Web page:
Early Prime Day Deals Roe v. Wade Overturned Surface Laptop Go 2 Review 4th of July Sales M2 MacBook Pro Deals Healthy Meal Delivery Best TVs for Every Budget Noise-Canceling Earbuds Dip to $100

How to use IFTTT to win at social media

Dominate Facebook, Twitter and Instagram with automated tasks.


The secret to winning at social media is being, or at least appearing to be, constantly present. As in, never sleeping, never eating (unless you're Instagramming that food, I suppose), never taking a bad selfie, and never doing anything except Tweeting every second of your life.

The easiest way to cultivate a flawless online presence is to hire someone else to do it for you. But if you're not a Kardashian, you probably don't have the funds to pay a PR person, so instead there's IFTTT -- a handy little automation tool that can help you stay on top of the eight different social networks you manage on a daily basis.

IFTTT, which stands for If This Then That, is a tool that automates tasks using triggers and actions. IFTTT connects two services, and then triggers an action on one service when you perform an action on the other service. It works with all of the major social networks, including Facebook, Twitter, Instagram, LinkedIn, Tumblr, and YouTube.

The key to successfully using IFTTT with social media is to avoid overusing it. If you use IFTTT to automate every single thing you post to social media, you will quickly start looking like a spambot. I like to avoid any IFTTT recipes that trigger automatic replies -- for example, there's a recipe that automatically tweets a thank you message every time you get a new Twitter follower. To me, this kind of automatic thanking reads as disingenuous, and it also has the potential to backfire.

But so long as you don't think of IFTTT as a full-time human personal assistant, you should be fine. Here are five of my favorite IFTTT hacks for social media:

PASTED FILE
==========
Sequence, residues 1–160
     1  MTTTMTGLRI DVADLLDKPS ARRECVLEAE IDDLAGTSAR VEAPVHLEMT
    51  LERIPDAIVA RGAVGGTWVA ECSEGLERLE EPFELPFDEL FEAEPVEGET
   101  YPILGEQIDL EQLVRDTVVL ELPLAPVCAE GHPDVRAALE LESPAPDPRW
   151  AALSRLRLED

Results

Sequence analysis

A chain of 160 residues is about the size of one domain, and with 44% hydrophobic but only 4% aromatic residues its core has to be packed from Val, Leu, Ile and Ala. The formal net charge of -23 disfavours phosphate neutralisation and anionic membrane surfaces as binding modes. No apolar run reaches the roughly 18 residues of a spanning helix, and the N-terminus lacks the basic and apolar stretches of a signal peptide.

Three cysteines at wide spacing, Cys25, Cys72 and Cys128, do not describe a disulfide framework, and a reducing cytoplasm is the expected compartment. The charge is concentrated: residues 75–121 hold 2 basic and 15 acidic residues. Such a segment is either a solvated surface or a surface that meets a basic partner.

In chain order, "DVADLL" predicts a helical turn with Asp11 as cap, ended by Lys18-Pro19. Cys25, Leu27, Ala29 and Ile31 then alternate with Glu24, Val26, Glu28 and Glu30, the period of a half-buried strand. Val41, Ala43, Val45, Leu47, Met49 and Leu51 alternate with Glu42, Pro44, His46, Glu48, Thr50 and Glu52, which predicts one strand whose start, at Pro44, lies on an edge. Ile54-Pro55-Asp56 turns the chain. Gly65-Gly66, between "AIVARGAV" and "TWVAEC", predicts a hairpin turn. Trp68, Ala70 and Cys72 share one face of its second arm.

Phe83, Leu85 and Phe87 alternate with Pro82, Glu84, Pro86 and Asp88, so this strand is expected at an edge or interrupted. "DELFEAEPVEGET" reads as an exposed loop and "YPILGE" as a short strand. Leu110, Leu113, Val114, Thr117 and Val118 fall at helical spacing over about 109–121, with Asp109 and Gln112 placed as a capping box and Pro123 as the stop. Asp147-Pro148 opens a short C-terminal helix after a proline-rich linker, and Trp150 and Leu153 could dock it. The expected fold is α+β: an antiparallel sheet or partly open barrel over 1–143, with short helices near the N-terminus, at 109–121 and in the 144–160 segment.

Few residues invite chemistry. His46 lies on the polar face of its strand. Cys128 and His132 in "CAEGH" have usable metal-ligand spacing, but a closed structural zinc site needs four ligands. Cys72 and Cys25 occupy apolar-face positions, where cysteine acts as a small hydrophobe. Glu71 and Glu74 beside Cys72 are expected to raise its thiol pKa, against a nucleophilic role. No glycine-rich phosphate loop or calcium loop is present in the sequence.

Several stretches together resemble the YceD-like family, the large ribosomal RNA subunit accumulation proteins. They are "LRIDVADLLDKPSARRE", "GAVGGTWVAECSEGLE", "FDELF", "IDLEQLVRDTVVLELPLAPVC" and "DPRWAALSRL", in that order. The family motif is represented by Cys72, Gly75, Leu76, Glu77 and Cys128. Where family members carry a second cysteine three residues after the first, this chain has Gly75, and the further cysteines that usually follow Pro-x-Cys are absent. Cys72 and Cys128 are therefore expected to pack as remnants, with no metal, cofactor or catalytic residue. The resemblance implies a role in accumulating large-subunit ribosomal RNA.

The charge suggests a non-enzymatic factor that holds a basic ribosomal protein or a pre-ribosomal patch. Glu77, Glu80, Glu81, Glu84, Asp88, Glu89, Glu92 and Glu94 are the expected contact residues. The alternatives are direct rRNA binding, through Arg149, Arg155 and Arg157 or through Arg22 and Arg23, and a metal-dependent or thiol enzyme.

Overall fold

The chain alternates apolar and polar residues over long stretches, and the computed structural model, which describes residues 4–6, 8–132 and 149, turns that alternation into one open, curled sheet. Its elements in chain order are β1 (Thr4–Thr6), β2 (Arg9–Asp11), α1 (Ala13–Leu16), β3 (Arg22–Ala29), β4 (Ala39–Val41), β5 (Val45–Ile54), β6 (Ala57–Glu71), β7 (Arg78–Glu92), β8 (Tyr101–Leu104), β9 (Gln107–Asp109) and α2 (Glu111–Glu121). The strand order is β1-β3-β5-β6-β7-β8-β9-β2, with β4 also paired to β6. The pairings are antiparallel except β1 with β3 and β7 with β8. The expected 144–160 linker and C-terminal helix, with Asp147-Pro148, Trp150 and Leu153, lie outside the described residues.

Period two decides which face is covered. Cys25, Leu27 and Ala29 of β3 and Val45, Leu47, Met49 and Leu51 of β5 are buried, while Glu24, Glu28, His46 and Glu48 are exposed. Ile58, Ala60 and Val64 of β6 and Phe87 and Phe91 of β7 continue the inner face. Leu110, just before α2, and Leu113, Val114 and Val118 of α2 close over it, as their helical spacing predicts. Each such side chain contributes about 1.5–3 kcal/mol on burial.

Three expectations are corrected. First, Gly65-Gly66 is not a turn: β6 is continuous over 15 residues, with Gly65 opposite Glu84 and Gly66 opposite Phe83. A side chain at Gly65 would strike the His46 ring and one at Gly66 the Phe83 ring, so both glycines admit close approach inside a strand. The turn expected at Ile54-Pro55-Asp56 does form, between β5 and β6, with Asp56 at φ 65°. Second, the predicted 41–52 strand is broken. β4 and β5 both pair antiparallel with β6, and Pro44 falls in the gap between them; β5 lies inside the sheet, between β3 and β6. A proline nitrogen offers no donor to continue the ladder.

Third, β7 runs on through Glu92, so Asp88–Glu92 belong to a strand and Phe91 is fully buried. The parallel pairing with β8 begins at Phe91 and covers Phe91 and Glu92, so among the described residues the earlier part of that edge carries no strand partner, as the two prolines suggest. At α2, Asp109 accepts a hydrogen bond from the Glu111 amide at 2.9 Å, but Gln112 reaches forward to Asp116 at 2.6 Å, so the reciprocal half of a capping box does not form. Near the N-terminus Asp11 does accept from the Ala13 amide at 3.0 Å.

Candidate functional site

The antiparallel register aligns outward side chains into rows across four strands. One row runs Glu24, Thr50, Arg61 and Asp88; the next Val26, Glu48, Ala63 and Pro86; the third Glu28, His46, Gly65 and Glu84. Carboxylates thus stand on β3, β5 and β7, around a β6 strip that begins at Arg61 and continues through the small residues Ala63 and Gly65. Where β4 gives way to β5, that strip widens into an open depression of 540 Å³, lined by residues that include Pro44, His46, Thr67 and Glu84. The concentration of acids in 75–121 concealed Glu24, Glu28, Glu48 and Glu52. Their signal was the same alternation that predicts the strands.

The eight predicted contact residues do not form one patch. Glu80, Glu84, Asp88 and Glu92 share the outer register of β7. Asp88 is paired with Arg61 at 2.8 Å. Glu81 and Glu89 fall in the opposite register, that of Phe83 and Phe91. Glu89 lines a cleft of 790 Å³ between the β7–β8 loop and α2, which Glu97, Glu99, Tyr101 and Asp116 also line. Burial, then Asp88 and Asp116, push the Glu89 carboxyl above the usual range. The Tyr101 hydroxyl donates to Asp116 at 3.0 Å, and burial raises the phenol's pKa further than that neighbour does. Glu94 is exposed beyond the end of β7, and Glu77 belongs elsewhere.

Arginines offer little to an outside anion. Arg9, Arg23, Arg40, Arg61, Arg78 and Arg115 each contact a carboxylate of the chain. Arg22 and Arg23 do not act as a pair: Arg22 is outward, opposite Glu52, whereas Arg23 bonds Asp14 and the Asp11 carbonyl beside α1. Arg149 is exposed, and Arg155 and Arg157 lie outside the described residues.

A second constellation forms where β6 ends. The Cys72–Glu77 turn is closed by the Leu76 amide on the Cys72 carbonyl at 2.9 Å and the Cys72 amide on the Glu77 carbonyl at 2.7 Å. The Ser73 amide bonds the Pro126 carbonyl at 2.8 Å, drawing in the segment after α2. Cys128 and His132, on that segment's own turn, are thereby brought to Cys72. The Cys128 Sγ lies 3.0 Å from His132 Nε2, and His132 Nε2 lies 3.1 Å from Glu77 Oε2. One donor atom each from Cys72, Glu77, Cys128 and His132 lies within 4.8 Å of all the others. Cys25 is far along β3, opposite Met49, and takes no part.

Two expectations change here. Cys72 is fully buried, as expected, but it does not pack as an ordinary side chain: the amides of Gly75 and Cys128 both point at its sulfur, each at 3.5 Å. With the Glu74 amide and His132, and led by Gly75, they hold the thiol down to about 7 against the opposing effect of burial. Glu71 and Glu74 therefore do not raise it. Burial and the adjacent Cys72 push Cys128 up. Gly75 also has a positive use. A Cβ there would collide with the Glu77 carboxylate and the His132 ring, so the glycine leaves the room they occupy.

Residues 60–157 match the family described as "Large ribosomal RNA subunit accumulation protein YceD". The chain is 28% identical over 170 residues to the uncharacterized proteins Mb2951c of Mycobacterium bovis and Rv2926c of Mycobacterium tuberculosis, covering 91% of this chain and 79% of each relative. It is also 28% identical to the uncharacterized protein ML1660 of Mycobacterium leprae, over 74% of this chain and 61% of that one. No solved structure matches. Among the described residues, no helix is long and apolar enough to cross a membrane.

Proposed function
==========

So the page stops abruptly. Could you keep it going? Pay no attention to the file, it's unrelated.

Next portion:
Post Instagram photos as native Twitter photos

Instagram and Twitter don't play too well together -- when you share an Instagram photo to Twitter from the Instagram app, your meticulously-edited photo shows up as a link in your Twitter stream, not as an image card. With this recipe, your Instagram photos will be automatically posted to Twitter as native photos (just remember to uncheck the "share to Twitter" box in Instagram, or you'll end up sharing the photo twice).

Update your Twitter profile pic when you update your Facebook profile pic

Keeping profile pics up-to-date is a hassle, unless you're using this recipe, which automatically updates your Twitter profile pic whenever it detects a change to your Facebook profile pic.

Photos added to a specific album in iOS automatically upload to Facebook

Instead of tediously uploading pictures to Facebook one-by-one, just add them to a specific iOS album on your phone and they'll magically appear on your Facebook page. To add a photo to an album in iOS, go to open up an album, hit Select, select the photos you want to add, hit Add To at the bottom of the screen, and choose the album you want to add the photos to.

Save your wedding's Instagram hashtag photos to Dropbox

Is it just me, or have weddings gotten super socially-connected these days? This IFTTT recipe works for any custom hashtag you've created (Pro-tip: search for your hashtag before you give it out to people, just to make sure it's unique), and will automatically download any Instagram photos it finds with that hashtag to your Dropbox account.

Automatically wish people happy birthday on Facebook

I don't usually like IFTTT recipes that automatically post without an active trigger, but this is an exception -- after all, you can't really mess up a simple "happy birthday" message on Facebook, right? This recipe actually connects to your Google Calendar and uses any birthdays you have marked there as triggers. This way, you're not constantly wishing your 5,000 Facebook friends happy birthday, and hopefully your real friends are in your Google Calendar.